CHAPTER 11. GOODNESS OF FIT AND CONTINGENCY TABLES
The chi-square distribution was discussed in Chapter 4. We now turn to some
applications of this distribution. As previously discussed, chi-square is a continuous distribution,
however, its application is
CHAPTER 10. SIMPLE REGRESSION AND CORRELATION
In agricultural research we are often interested in describing the change in one variable
(Y, the dependent variable) in terms of a unit change in a second variable (X, the independent
variable). Regression is
CHAPTER 9. MULTIPLE COMPARISONS AND TRENDS AMONG TREATMENT
MEANS
The analysis of variance method is a useful and powerful tool to compare several
treatment means. In comparing k treatments, the null hypothesis tested is that the k true means
are all equal
CHAPTER 8.
RANDOMIZED COMPLETE BLOCK DESIGN WITH AND
WITHOUT SUBSAMPLES
The randomized complete block design (RCBD) is perhaps the most commonly
encountered design that can be analyzed as a two-way AOV. In this design, a set of
experimental units is group
Chapter 7.
COMPLETELY RANDOMIZED DESIGN WITH AND WITHOUT
SUBSAMPLES
Responses among experimental units vary due to many different causes, known and unknown.
The process of the separation and comparison of sources of variation is called the Analysis of Var
CHAPTER 6.
TWO POPULATION MEANS, CONFIDENCE INTERVALS AND
HYPOTHESIS TESTING
Experiments are often conducted to compare two treatments. For example, comparing the
yielding ability of a new variety with that of a variety in common use, comparing the effect
CHAPTER 5.
5.1
A POPULATION MEAN, CONFIDENCE INTERVALS AND
HYPOTHESIS TESTING
Concepts
When a number of animals or plots are exposed to a certain treatment, we usually estimate the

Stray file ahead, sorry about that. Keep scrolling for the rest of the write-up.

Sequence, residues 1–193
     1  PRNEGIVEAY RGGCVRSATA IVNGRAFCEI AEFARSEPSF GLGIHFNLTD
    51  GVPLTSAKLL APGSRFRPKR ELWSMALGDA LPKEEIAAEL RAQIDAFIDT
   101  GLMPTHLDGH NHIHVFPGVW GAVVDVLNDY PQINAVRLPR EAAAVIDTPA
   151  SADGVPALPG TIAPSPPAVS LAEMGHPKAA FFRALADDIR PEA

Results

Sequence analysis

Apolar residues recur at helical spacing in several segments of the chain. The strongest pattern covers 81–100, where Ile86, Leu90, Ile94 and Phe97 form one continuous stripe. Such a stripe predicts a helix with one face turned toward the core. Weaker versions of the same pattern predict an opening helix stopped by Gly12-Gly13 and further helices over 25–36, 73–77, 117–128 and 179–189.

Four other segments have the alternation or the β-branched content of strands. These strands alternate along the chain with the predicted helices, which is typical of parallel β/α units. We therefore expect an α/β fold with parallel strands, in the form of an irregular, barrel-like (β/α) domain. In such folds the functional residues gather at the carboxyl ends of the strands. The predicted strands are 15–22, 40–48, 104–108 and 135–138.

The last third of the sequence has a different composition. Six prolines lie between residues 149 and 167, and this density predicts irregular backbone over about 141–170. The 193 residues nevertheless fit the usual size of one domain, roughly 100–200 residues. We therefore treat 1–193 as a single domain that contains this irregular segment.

effect of the treatment by the mean response of the experimental units. St
Chapter 4.
SAMPLING DISTRIBUTIONS
In agricultural research, we commonly take a number of plots or animals for experimental use.
In effect we are working with a number of individuals drawn from a large population. Usually we don't
know the exact characteri
Chapter 3.
POPULATION DISTRIBUTIONS
Frequency distributions constructed from a sample such as the sugarbeet example of Chapter 2
represent only a portion of a much lager population of sucrose concentrations. If the entire population
could be observed, the
Chapter 2.
2.1
DATA EXPLORATION AND SUMMARIZATION
Frequency Distributions
Commonly, people refer to a population as the number of individuals in a city or county, for
example, all the people in California. In the statistical sense, however, there are many
Chapter 1.
1.1
STATISTICAL NOTATION AND ORGANIZATION
Summation Notation for a One-Way Classification.
In statistical computations it is desirable to have a simplified system of notation to avoid
complicated formulas describing mathematical operations.
A m